Event Abstract


  • 1 Southern Cross University, Psychology, School of Health and Human Sciences, Australia

Aims: Gambling pathology has various explanations. The current study is based on the cognitive model of gambling to investigate whether heavy gamblers are overconfident, by replicating and extending a study by Erceg and Galic (2014). Additionally, this study hypothesises that overconfidence predicts the extent to which gamblers chase their losses. This hypothesis has not been tested previously. Methods: A sample of 151 participants completed an online questionnaire. The questionnaire involved predicting the winner of 8 matches from a round of an Australian Rugby League competition. Participants also indicated their confidence in their predictions. A measure of overconfidence was derived from the overall accuracy of the predictions and the confidence rating for each match. Participants completed the Consumption Screen for Problem Gambling, and were categorised into non, recreational and heavy gamblers. There were five chasing behaviour items measured on a 5-point Likert scale, adapted from the Gambling Attitudes and Beliefs Survey. Results: A One-way ANOVA with a Welch correction showed a significant effect of gambling category on overconfidence, F (2, 87) = 2.56, p = .023, η² = .03. Follow-up tests using planned contrasts revealed that heavy gamblers were more overconfident than non and recreational gamblers combined (p = .006). A Simple Linear Regression showed that overconfidence significantly predicted chasing behavior, R² = .059, F (1,149) = 9.33, p = .003, Β = .041. This demonstrates that overconfident gamblers were more likely to report chasing behaviours than less confident gamblers. Conclusion: These findings further support the cognitive model of problem gambling by demonstrating that overconfidence is inflated in participants who report frequent gambling, and who chase their losses with further betting.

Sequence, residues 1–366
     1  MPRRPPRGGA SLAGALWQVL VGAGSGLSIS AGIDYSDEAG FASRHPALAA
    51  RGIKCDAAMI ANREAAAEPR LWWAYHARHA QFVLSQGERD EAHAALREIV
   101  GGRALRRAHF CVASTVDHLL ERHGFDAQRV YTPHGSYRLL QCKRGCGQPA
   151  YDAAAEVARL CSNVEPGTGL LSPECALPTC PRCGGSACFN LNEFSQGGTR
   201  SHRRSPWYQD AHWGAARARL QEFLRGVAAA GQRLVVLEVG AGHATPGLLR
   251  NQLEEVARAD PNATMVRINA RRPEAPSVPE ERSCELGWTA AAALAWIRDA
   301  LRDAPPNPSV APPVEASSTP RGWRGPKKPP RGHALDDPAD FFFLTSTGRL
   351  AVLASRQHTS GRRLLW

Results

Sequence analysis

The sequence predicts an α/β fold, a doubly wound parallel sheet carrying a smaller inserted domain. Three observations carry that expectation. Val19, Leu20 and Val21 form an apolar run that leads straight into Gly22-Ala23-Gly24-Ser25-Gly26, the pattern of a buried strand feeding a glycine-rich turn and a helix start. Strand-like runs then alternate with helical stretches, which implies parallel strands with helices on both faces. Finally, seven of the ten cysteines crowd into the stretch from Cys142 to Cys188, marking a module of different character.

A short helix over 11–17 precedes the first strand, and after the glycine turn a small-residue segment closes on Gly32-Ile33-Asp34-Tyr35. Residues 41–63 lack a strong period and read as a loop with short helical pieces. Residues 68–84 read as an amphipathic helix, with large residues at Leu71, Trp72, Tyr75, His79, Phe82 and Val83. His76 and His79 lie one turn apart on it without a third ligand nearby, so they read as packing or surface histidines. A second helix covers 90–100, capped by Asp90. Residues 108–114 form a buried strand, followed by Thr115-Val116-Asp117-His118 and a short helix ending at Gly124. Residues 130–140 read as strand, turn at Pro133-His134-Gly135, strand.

Keywords: Gambling, Overconfidence, chasing, problem gambling, cognitive

Conference: Southern Cross University 14th Annual Honours Psychology Research Conference, Coffs Harbour, New South Wales, Australia, 5 Oct - 6 Oct, 2017.

Presentation Type: Research

Topic: Psychology

Citation: Abdula D, Bowling A and Grant L (2017). OVERCONFIDENCE IN GAMBLING: HOW WELL DO YOU THINK YOU WENT?. Front. Psychol. Conference Abstract: Southern Cross University 14th Annual Honours Psychology Research Conference. doi: 10.3389/conf.fpsyg.2017.72.00052

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Received: 29 Sep 2017; Published Online: 11 Dec 2017.

* Correspondence: Ms. Dedar Abdula, Southern Cross University, Psychology, School of Health and Human Sciences, Lismore, 2450, Australia, d.abdula.10@student.scu.edu.au